Saturday, April 15, 2017

Turtles of Rushikulya

Nearly three decades ago, a turtle researcher walked the coasts of Odisha as part of his work on the Olive Ridleys that nest in this region. His travels took him to an obscure village near where the river Rushikulya meets the sea. He recruited a 13-yr old, Rabindranath Sahu, to assist him in his research. The boy had been used to the turtles visiting his home once a year but hadn’t paid much heed to them. In that momentous spring spent with the researcher the lad became aware of the unique role the beaches around him played. In the manner in which destiny is thrust on some people he was to become an unwitting conservationist and, at least in my view, a hero.

Turtles have been coming to this coast probably longer than humans have inhabited this area, and for as long as they existed together, people and turtles honorably shared the space. Developments in the last century upset the equilibrium and affected every stage of the turtle life cycle: trawlers that replaced traditional boats decimated adult turtles, nylon fishing nets - even discarded ones - trapped a lot of the hatchlings and caused them to die on the beaches, and finally as humans started seeing everything in nature as an economic resource, turtle eggs became fair game too. A lot has improved since Mr Sahu’s initiation into turtle conservation. Trawlers are restricted in breeding and hatching seasons and people no longer dig out turtle eggs. This year, nearly 4 lakh females arrived on these beaches to lay their eggs, a high watermark since some sort of record-keeping started a few decades ago. Of course, not all of the success is attributable to Mr. Sahu, but he has managed something that is, maybe, the hardest part of conservation: he won his people over and made them aware of their special place in this biospheric drama that spans continents.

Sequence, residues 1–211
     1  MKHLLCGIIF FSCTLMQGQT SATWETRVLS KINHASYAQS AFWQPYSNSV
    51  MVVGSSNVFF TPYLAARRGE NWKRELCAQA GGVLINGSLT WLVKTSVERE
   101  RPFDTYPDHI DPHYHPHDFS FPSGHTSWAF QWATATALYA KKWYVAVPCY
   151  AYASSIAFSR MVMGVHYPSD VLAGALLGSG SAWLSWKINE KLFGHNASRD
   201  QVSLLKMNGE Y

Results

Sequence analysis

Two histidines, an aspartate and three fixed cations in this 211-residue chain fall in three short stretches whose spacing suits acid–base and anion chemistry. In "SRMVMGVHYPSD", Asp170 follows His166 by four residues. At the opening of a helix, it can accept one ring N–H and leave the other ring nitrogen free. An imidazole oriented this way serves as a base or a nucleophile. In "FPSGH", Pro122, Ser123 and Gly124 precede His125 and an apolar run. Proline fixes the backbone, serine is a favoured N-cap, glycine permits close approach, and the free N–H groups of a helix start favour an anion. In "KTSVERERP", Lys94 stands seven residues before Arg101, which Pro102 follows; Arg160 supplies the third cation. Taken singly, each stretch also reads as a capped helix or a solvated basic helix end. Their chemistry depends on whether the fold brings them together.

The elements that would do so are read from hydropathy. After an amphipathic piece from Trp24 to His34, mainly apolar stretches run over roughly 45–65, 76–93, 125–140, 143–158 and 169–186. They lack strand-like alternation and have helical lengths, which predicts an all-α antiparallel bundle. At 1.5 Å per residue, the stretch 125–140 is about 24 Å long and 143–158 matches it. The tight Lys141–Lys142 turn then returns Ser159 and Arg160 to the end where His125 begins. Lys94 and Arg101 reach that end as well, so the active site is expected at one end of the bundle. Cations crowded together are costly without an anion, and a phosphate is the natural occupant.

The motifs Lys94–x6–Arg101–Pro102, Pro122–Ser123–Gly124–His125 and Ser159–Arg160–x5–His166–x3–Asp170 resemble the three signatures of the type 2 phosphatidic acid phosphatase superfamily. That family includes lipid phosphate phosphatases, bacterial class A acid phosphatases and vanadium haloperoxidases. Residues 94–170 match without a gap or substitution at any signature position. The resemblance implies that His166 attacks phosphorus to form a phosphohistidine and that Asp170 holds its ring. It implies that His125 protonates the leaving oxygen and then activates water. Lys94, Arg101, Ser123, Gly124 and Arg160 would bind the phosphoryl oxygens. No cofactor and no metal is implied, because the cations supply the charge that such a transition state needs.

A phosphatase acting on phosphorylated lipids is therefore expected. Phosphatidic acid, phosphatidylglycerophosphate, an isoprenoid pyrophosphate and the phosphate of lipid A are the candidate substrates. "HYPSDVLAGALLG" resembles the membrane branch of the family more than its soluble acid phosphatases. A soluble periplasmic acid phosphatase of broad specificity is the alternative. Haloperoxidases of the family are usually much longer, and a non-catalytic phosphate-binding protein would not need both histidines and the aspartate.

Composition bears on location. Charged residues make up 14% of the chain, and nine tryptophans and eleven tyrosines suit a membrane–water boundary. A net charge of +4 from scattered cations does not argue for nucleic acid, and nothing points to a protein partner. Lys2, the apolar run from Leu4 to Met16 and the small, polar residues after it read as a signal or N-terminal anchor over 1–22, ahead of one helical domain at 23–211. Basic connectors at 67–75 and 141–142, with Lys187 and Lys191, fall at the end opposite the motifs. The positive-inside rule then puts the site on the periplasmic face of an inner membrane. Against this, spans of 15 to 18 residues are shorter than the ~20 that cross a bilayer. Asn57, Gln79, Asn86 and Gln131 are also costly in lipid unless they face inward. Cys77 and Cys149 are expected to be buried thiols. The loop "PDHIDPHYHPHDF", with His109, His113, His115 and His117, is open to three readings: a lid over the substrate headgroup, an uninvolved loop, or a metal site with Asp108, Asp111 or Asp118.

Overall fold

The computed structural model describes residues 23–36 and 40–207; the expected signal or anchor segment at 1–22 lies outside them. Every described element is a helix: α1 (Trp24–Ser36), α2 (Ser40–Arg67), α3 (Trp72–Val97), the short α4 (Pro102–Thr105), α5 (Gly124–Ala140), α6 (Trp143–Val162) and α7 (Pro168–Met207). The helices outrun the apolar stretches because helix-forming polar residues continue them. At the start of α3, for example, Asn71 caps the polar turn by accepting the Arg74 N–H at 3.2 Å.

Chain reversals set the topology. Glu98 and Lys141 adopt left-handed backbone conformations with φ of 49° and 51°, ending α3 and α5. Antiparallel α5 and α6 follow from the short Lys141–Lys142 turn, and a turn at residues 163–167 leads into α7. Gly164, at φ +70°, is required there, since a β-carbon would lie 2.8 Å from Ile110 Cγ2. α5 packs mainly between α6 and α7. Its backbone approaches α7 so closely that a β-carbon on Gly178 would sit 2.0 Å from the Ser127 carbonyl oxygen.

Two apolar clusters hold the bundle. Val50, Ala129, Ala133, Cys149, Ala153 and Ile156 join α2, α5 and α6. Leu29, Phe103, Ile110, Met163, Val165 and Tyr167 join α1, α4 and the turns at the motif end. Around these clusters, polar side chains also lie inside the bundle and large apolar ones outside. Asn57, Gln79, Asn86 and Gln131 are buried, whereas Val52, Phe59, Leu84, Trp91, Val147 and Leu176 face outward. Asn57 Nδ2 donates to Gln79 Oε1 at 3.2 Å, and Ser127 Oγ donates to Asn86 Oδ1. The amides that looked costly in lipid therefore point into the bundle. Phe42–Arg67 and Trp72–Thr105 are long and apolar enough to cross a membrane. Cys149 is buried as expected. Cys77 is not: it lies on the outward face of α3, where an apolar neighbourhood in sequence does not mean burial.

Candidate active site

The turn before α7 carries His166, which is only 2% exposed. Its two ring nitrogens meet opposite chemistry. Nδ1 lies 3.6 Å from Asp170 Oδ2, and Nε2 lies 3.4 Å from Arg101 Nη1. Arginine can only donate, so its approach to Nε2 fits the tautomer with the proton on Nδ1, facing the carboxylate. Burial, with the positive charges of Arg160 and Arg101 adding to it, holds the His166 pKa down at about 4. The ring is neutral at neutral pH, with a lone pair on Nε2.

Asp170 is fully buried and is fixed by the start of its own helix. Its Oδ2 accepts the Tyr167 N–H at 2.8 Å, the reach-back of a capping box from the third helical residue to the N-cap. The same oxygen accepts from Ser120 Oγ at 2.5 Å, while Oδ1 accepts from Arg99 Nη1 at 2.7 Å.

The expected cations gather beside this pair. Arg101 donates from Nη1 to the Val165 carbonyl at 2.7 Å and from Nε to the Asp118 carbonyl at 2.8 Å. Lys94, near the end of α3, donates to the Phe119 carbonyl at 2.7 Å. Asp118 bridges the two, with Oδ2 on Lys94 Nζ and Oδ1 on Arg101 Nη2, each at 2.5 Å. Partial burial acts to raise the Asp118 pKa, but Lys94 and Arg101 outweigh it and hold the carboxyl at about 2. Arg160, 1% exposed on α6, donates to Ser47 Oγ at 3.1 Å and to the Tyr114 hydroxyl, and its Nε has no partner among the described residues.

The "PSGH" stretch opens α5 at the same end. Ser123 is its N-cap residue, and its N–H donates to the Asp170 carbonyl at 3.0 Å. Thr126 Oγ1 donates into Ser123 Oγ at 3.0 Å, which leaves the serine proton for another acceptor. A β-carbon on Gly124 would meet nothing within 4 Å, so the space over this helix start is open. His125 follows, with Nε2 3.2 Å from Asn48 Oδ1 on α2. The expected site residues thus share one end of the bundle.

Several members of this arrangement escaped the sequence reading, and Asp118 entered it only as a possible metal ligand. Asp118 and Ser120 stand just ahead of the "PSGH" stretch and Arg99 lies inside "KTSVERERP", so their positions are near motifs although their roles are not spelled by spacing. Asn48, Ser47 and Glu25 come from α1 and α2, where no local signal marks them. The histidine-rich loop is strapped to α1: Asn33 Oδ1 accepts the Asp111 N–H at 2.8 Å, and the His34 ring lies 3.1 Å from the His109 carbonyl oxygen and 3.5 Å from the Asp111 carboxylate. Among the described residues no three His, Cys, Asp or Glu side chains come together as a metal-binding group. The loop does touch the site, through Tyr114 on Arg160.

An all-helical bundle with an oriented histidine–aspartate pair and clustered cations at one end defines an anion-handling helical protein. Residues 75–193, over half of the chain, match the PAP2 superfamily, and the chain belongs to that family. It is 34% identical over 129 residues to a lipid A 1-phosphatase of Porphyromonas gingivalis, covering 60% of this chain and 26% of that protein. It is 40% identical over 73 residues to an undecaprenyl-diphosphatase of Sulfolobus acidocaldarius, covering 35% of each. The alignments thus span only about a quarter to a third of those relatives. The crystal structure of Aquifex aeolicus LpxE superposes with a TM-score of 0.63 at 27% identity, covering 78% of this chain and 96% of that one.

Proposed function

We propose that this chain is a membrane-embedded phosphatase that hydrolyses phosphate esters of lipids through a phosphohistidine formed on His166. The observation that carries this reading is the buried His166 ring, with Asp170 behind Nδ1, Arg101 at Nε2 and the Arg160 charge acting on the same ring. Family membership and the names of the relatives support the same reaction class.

Yet the balance is still fragile and the turtles face a lot of dangers. Both adults and hatchlings still get caught in fishing nets. Eggs in the loose sand are easy pickings for stray dogs. Turtle hatchlings, which are believed to rely on light from celestial bodies to orient themselves, get thrown off by sources of artificial light that dot the beaches now. Many of the hatchlings spend their reserve energy walking in the direction away from water and end up dying. Habitat loss continues, and there’s always the spectre of mindless “development” that hangs around everywhere in the third world, that could decimate populations.

For now, the scenes on the beach are heart-warming. Sahu and his merry men walk the sands guarding the nests and cleaning the beach of discarded nets and debris. The locals - mostly kids and villagers - participate too, rescuing trapped hatchlings and helping them on their way to the sea. All this is thanks mostly to Mr. Sahu’s proselytising efforts. He carpet bombs his message to the kids in the area, spending a lot of his time and even some of his money in breeding successors for his work. And just like with the species he is protecting, if one in a thousand of his eggs hatch, the beautiful annual drama on these shores will continue.

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